Luisa Scala Buehler grew up in the town of Berkeley, IL, a suburb of Chicago. when her parents made the decision to sell their home on the west side of the city. The small bungalow on Victoria Street was perfect for her family: two parents, older brother, and an uncle.
Her first exposure to a public library was the small “volunteer” library located in the basement of a grocery store onTaft Avenue. It was there that she discovered Nancy Drew. Luisa realized that this would be her career; not girl detective, but girl mystery writer. About that time, her family subscribed to the Sunday paper and Luisa found another fascinating role model in the comic pages, Brenda Starr, reporter!
Book One of the Grace Marsden Mystery Series
During the 1940’s the women attending Rosary College insisted a beautiful young woman wearing a ‘fancy dress’ haunted the halls near the chapel. Many claimed to see the apparition often entering, sitting, and softly crooning a mournful melody. Stories of the ‘Rosary Bride’ continue from generation to generation. Fifty years later, during the renovation of the college library, workers expose a skeleton.
Grace Marsden, present at the discovery is drawn into the search for the victim’s identity, fearing the remains will lead to skeletons in her own family closet. Against her husband, her best friend, and her own common sense Grace determines to find the truth. Her involvement grows beyond her control when the dead woman reaches out to her. Can Grace name the ‘Rosary Bride’ before her killer strikes again?
Plotting while Potting by Luisa Buehler
How do my stories grow? The answer to the nursery rhyme would be, much like my garden. Many of the plot devices and much of the descriptive tone of my stories were developed while I gardened. Over the last twenty years I have planted and nutured a perennial flower garden that runs the length of my yard, across the front atrium and around the side of the house to the deck. I do the work on my own with occasional hired help to move mulch and flagstone.
During the hours I spend immersed amongst the plants, my mind often turns to murder and mayhem. In my second book, THE LION TAMER: A CAGED DEATH, I use fool’s parsley as a means to poison a character. I got the idea from studying the similarities between the doppelganger, growing in the field behind my house, to my real garden grown parsley. It’s an easy mistake to make and I capitalized on that fact.
That discovery led to my interest in garden variety poisonous plants, many of which I already grew (but didn’t know) and others that I’ve since planted. Beyond finding ways to dispatch characters, time spent in the garden helps me plot, develop and polish the story.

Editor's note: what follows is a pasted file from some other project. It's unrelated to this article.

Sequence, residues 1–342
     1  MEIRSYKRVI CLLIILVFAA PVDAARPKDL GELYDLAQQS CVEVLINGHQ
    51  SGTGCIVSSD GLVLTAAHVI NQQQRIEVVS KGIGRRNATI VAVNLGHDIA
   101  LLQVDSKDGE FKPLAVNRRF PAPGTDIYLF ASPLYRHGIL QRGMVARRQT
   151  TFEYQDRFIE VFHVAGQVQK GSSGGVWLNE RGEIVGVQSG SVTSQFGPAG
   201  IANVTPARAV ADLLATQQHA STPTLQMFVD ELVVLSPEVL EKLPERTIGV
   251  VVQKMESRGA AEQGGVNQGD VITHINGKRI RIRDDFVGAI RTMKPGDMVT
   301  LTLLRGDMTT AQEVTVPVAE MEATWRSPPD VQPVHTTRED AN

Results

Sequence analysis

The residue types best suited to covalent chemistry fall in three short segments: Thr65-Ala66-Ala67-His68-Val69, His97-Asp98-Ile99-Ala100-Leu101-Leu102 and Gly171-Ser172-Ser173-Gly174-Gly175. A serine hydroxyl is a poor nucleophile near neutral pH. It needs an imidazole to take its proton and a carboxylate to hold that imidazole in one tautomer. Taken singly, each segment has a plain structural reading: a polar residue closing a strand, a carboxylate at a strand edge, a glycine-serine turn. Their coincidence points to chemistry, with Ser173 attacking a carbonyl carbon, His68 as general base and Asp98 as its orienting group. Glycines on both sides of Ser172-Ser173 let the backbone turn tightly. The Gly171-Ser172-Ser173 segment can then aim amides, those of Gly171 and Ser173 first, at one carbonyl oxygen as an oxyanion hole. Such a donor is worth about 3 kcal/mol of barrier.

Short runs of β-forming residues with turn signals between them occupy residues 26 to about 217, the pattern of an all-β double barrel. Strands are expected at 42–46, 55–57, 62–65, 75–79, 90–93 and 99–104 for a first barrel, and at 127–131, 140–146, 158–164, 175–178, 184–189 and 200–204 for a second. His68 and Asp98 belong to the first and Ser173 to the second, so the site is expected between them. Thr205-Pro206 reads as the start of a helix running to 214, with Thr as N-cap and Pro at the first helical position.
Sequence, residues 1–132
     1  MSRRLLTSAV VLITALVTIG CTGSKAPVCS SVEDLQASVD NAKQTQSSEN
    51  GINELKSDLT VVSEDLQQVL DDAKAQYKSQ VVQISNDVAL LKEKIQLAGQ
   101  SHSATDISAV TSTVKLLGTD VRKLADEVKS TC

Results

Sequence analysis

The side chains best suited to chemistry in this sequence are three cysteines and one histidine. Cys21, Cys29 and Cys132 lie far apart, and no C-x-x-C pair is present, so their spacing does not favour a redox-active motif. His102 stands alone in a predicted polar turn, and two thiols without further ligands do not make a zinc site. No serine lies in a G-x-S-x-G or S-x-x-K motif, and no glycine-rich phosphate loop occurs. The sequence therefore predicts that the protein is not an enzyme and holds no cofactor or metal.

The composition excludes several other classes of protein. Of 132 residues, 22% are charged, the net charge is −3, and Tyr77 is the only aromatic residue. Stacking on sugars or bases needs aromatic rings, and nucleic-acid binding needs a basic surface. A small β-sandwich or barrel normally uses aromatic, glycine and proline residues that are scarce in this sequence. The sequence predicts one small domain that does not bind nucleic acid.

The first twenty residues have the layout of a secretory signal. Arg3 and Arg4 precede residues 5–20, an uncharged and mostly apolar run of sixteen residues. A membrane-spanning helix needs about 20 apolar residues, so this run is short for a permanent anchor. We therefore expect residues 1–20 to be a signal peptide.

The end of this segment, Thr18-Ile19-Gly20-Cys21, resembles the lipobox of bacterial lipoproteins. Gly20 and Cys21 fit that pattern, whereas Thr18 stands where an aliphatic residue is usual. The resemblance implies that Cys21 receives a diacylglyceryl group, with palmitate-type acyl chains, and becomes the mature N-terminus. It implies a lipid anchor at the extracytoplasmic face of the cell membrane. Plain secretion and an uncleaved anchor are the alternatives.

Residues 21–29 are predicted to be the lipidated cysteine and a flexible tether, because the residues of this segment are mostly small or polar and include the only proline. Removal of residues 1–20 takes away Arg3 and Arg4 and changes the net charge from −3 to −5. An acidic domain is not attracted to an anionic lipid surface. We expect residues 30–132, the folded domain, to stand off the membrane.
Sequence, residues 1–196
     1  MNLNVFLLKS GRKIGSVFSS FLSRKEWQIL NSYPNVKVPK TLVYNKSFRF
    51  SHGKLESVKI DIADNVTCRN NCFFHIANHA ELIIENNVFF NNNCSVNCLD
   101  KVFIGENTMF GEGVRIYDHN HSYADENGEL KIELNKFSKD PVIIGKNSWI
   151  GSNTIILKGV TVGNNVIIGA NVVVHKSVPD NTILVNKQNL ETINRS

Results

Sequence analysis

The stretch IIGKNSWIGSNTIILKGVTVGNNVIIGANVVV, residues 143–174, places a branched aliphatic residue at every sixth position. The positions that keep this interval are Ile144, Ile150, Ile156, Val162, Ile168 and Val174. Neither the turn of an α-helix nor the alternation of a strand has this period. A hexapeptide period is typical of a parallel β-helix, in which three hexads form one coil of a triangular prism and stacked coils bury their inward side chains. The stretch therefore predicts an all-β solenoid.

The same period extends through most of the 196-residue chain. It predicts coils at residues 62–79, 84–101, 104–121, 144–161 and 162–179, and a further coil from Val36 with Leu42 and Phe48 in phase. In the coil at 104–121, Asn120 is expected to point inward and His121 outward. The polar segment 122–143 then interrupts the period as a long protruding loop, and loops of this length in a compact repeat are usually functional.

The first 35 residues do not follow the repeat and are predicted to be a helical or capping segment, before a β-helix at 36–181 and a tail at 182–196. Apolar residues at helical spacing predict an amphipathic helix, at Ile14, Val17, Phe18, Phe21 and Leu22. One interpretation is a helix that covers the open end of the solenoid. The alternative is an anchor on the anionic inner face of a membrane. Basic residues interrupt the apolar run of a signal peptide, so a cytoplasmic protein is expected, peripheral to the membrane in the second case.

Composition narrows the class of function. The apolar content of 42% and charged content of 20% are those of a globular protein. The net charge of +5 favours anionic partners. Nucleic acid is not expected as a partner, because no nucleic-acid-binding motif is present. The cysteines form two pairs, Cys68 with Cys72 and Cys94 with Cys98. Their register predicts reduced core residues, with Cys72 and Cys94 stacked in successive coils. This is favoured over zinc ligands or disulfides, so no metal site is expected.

When I noticed that my grey coneflower grew taller than I had envisioned when I planted it, I realized that I’d have to move it or the thick growth would smother the more fragile Blue Gentian. When I thought about that, I realized in my WIP at the time that I had over developed a story thread that turned out to be too weak to carry the story. The more interesting plot had been left to languish under the heaviness of the other story thread. I rewrote the focus and developed the intricate story as the continual thread and switched the larger story as a backdrop running behind the scenes. The story took off and practically wrote itself.
So many writing tips come from my garden time. Readers have commented that they ‘hear’ and ‘smell’ scenes in my books. You can’t avoid the sounds and scents in a garden: freshly turned rich, black soil, a whiff of Trumpet Flower or Night Jasmine, birds’ early morning calls or the drone of a bumble bee searching out a favorite flower. Awareness of those sounds and smells reminded me to write beyond only visuals. In one scene the thrip, thrip, thrip, tat, tat, tat, tat, of a lawn sprinkler provides a clue with a sound they should have heard, but didn’t.
The south side of the house is a bit of a naturalized area. I have consciously planted ground cover and evenly spaced taller plants. The other plants have wandered in from air born seeds, bird assisted planting or replanted bulbs courtesy of a busy squirrel. In a story, most of the ideas are planned but some ideas show up, take hold and bloom.
Working in the garden allows the ‘no-brainer’ tasks at hand to present sounds, plot twists, murder methods and structure to my subconscious mind which always has a plot percolating.
The only transition I’ve not yet made from garden to writing is suspense. Difficult to spot tension between plants, although I think the Monarda shivers when the Monskhood leans its way.